From boarding assignments to pretzels: What to expect on your next Southwest Airlines flight
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For the first time since mid-March, the U.S. has passed that much-anticipated date when more than 1 million travelers flew in a single day.
That’s still less than half the normal rate of daily flyers, but it’s progress for an industry that was almost entirely shut down — even though many would-be travelers that still haven’t packed their carry-on bag or printed a boarding pass since the pandemic took hold.
Each U.S. airline has taken its own distinct approach to flying in the age of the coronavirus, but Southwest Airlines has always had a unique way of doing things. With its coveted Companion Pass, lack of advance seat assignments, no bag fees for most checked or carry-on bags and no change fees, flying with Southwest has always felt special.
Those core elements haven’t changed, but other aspects of flying Southwest have — all in the name of safety and distancing due to COVID-19. Here’s what to expect if you plan to board a Southwest Airlines flight in the near future.
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Blocked middle seats — until December
Southwest Airlines doesn’t assign seats, so saying middle seats are blocked isn’t exactly the case (as TPG’s Benet Wilson experienced firsthand). Until Dec. 1, 2020, however, Southwest is only booking flights to two-thirds capacity (about 67%), so middle seats can remain open.
You and your family or friends can still sit three across and fill the middle, if you wish. But, otherwise, you’re almost guaranteed to have extra elbow room when flying Southwest until the calendar flips to December. After that, the airline can book flights to 100% capacity.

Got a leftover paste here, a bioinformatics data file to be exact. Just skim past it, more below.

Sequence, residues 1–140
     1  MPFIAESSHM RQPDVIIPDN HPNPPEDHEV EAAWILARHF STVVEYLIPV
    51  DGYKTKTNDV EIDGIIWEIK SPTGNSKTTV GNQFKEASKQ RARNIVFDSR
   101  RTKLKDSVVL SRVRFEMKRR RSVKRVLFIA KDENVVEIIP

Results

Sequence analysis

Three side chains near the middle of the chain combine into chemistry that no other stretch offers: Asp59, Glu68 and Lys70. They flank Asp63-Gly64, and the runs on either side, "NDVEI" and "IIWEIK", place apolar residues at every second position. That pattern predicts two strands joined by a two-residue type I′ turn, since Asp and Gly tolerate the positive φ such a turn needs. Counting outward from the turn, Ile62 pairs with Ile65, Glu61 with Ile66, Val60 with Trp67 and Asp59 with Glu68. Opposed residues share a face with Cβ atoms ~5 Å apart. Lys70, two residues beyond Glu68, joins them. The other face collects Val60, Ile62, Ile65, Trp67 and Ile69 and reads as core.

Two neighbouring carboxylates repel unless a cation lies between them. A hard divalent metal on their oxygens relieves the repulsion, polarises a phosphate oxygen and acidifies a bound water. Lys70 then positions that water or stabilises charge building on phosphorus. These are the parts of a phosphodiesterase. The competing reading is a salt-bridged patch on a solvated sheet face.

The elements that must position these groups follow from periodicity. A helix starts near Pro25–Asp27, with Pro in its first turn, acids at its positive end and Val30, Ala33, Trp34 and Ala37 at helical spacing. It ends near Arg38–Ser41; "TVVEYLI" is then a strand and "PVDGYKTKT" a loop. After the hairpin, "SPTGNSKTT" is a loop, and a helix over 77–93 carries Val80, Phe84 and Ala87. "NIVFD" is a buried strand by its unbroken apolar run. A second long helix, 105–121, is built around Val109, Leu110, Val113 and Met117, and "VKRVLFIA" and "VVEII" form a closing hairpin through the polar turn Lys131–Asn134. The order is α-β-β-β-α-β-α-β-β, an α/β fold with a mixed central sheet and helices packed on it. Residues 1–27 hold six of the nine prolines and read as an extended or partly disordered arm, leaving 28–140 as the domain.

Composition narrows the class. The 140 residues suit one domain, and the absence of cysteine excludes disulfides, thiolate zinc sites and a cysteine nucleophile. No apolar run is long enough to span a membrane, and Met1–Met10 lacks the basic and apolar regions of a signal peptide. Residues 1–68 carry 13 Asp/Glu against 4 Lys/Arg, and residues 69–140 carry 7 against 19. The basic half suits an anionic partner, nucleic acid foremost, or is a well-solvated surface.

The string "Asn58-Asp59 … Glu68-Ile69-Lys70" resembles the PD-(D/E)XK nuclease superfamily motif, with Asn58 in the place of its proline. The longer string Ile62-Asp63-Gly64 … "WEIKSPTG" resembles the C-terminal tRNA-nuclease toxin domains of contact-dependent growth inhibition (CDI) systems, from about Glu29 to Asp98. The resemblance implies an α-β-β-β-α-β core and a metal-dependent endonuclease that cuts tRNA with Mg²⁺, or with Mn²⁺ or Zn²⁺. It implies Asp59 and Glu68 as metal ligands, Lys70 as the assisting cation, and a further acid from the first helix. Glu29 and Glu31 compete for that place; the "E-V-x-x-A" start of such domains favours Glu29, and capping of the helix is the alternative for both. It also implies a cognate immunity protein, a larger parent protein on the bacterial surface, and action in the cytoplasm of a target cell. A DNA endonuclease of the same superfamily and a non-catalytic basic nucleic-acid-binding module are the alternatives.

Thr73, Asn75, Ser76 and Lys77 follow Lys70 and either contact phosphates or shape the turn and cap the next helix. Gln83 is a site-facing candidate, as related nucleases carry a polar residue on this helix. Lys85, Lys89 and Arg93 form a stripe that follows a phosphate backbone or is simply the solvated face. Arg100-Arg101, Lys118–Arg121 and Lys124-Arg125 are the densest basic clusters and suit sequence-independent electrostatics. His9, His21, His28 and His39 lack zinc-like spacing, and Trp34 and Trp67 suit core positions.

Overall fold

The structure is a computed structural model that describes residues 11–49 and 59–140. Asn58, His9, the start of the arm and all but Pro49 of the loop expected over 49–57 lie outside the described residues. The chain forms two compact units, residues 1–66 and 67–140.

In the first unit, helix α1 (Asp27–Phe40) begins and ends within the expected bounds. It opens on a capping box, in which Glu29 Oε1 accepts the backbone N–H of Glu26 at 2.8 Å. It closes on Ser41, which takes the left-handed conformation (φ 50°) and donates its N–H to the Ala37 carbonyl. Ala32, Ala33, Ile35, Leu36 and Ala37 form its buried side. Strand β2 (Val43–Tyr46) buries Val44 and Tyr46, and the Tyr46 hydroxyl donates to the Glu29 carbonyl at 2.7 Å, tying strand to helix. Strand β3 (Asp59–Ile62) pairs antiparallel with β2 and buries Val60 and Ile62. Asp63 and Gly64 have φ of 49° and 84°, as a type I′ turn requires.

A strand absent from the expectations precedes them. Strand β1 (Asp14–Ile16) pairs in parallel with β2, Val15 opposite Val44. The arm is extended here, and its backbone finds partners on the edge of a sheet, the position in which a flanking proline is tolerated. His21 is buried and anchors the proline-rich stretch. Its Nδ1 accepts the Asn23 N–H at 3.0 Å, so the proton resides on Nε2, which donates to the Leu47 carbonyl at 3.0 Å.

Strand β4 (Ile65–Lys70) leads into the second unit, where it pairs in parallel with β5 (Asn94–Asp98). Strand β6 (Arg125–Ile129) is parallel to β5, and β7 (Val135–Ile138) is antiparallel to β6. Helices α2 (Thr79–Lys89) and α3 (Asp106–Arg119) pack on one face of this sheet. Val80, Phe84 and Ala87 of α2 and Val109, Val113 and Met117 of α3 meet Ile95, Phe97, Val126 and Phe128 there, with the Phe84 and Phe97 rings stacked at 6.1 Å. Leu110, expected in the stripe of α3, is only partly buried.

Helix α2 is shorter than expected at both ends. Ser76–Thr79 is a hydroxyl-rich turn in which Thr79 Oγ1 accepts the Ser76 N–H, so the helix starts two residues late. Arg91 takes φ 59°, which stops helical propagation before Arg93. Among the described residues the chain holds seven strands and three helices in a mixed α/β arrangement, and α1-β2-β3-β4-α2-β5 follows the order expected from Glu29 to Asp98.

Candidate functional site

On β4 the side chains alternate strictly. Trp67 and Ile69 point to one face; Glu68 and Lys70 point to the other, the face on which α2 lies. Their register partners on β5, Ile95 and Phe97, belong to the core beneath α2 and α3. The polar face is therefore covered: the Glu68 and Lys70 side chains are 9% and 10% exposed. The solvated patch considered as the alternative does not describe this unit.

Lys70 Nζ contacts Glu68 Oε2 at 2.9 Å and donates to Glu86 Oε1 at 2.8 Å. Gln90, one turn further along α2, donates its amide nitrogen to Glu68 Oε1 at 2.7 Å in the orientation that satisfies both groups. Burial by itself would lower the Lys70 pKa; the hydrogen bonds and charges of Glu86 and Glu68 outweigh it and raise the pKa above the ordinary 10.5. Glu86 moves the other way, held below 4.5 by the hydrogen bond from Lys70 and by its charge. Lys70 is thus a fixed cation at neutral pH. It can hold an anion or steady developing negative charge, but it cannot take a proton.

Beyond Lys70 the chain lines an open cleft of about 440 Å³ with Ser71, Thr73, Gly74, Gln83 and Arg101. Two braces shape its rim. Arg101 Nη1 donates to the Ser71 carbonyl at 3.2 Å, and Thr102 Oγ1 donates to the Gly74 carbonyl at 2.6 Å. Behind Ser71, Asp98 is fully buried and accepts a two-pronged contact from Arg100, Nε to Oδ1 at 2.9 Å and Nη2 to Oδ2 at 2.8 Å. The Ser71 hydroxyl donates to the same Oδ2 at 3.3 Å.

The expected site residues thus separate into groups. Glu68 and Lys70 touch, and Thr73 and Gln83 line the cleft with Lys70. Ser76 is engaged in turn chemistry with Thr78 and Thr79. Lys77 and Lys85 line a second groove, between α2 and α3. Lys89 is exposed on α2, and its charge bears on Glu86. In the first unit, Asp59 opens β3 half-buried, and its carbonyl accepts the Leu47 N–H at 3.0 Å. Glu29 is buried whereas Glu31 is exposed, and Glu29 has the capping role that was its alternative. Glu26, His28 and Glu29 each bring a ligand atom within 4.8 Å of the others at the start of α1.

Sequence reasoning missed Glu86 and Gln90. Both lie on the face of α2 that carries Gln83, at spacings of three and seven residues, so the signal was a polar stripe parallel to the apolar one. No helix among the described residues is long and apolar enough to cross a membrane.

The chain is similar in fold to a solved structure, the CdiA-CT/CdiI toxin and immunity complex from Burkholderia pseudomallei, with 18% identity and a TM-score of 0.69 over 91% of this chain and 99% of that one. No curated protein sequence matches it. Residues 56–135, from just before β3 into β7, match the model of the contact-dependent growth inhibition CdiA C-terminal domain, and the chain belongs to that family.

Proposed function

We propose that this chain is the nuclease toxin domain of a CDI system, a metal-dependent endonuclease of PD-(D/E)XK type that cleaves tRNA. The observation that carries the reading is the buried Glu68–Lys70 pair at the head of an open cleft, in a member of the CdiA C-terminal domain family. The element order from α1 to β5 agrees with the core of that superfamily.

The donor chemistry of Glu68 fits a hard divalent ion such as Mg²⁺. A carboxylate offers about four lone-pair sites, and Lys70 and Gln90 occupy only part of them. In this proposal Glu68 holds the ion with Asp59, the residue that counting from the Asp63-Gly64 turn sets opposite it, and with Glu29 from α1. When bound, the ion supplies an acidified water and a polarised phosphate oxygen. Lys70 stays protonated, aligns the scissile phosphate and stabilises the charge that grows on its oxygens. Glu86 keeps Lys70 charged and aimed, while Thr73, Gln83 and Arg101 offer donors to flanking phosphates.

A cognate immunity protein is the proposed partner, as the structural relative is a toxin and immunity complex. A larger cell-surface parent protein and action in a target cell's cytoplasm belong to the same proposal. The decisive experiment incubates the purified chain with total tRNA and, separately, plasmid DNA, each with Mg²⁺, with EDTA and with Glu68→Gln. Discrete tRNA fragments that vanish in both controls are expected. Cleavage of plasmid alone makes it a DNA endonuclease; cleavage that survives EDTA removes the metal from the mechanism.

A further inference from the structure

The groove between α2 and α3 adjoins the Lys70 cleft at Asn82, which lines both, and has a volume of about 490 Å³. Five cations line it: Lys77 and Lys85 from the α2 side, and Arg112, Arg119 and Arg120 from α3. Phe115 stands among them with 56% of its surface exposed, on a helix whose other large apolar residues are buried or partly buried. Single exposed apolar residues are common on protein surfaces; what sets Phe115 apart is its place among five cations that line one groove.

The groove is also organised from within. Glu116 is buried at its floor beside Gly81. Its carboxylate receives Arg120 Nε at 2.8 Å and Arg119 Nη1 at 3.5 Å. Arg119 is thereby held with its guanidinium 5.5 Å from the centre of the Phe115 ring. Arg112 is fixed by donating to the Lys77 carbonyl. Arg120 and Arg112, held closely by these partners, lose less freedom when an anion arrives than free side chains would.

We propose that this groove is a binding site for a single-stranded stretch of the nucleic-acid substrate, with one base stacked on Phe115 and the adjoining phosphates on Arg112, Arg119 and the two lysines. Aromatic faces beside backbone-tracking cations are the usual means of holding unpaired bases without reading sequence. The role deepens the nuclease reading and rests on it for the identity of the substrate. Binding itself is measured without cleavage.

As always, your boarding group is what determines when you can get on board and claim your seat(s) of choice. This may matter more than ever after Dec. 1. Families with kids ages 6 and younger (defined as up to two adults with children) can board during Family Boarding between the A and B groups. For other travelers, during a typical Southwest flight, you’ll board according to your group (A through C) and boarding position (1 through 60).
You can purchase EarlyBird boarding and let Southwest claim your spot in the virtual boarding line 36 hours before departure. Otherwise, check in exactly 24 hours before departure for the earliest boarding spot. If available, you can also purchase A1 to A15 boarding places at the gate. The Southwest Rapid Rewards Priority Credit Card includes four credits for these boarding positions each year.
Here are more tips for getting the best seats on Southwest Airlines.
Boarding 10 at a time
Before the coronavirus pandemic, Southwest boarded by groups A 1 to 30, followed by A 31 to 60; B 1 to 30, B 31 to 60; all the way through the C groups. Travelers would line up in a single-file row at the gate and board the plane (in numerical order) in groups of 30.
Now, Southwest Airlines boards in groups of 10 people at a time. This means you need to be at the gate listening and ready before boarding, but you won’t be camping out at your spot in line until called.